The CDx Conundrum: Approvals Increase but Market Challenges Remain

January 29, 2019
The CDx Conundrum: Approvals Increase but Market Challenges Remain

Chris Anderson, Editor in Chief

Pity the poor companion diagnostic (CDx). It’s up against a lot. In most cases, pharmaceutical companies don’t want one, since it cuts down the potential market for their planned drug. Payers have often lumped FDA-approved diagnostic into the same bucket as lab-developed tests (LDTs), which provide paltry reimbursement, making it virtually impossible to recoup the millions spent developing the test and running it through clinical trials. Larger reference labs, with more than a regional footprint, are often reluctant to add CDxes to their testing menus due to the investment needed and anticipated low volumes. Finally, lacking an effective method to police their use, it is often all too easy for labs to use their own LDT to test for the biomarker in question, further limiting the CDx’s market.

“Diagnostics is a tough business, but it is an important business,” said Jonathan Arnold, head of next-generation diagnostics marketing with Qiagen. “We touch three-quarters of all healthcare decisions that are made around a patient, and we shouldn’t lose sight of that.”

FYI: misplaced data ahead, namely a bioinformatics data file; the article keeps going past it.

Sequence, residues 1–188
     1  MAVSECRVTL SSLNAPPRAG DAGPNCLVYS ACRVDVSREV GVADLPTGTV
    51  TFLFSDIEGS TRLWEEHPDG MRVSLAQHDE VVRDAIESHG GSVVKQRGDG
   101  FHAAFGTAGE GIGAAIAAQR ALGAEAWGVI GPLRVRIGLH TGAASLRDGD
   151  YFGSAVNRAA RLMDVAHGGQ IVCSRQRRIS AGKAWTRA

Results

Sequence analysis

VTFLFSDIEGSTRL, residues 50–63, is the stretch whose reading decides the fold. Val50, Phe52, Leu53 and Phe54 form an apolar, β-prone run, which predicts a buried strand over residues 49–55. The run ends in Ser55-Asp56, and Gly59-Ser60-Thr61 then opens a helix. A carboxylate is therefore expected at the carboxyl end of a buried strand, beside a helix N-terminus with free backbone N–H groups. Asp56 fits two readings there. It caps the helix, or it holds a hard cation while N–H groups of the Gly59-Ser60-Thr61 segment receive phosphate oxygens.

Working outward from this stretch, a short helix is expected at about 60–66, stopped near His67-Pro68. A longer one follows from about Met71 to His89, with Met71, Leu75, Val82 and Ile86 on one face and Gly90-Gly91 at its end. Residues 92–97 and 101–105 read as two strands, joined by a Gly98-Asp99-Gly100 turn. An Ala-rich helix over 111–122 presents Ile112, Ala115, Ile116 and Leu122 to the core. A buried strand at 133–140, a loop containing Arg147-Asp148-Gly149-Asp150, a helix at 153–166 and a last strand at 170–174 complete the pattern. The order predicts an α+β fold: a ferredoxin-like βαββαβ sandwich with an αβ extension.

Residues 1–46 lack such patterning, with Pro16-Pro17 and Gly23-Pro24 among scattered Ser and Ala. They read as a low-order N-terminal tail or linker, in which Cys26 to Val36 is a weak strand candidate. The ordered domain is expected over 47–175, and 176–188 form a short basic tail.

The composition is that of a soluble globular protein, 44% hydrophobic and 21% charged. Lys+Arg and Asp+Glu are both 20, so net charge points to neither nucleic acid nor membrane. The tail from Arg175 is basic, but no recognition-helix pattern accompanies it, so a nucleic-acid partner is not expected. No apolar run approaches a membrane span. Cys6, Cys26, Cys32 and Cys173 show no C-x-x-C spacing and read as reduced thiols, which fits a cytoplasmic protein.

It is that direct, one-to-one relationship of a CDx to the patient and the selection of the right drug based on their particular molecular makeup—a bona fide method of delivering precision medicine—that keeps diagnostics companies in the game, despite the challenges.

Or, as Jonathan Lancaster, MD, of Myriad Genetics puts it: “As a chief medical officer, I say it is the right thing to do for patients, and if it is a family member, loved one, or friend battling cancer, I want to ensure they are getting the very best drug and also the very best quality of test.”

But, what is right for the patient may not translate to what is right for the business, and developers of CDxes must continue to find ways to answer the question of what it takes to be viable in this line of business. Lancasters said it’s a valid question that should beg all molecular diagnostics companies to pause, not just Myriad. His advice? “Unless there is clear line of sight for a viable business, then no molecular diagnostic company is going to get into—or stay in the space.”

Fortunately, as healthcare undergoes its transition to a value-based model, and as more doctors learn about the benefits of using an FDA-approved test, there is reason for optimism among diagnostic developers.

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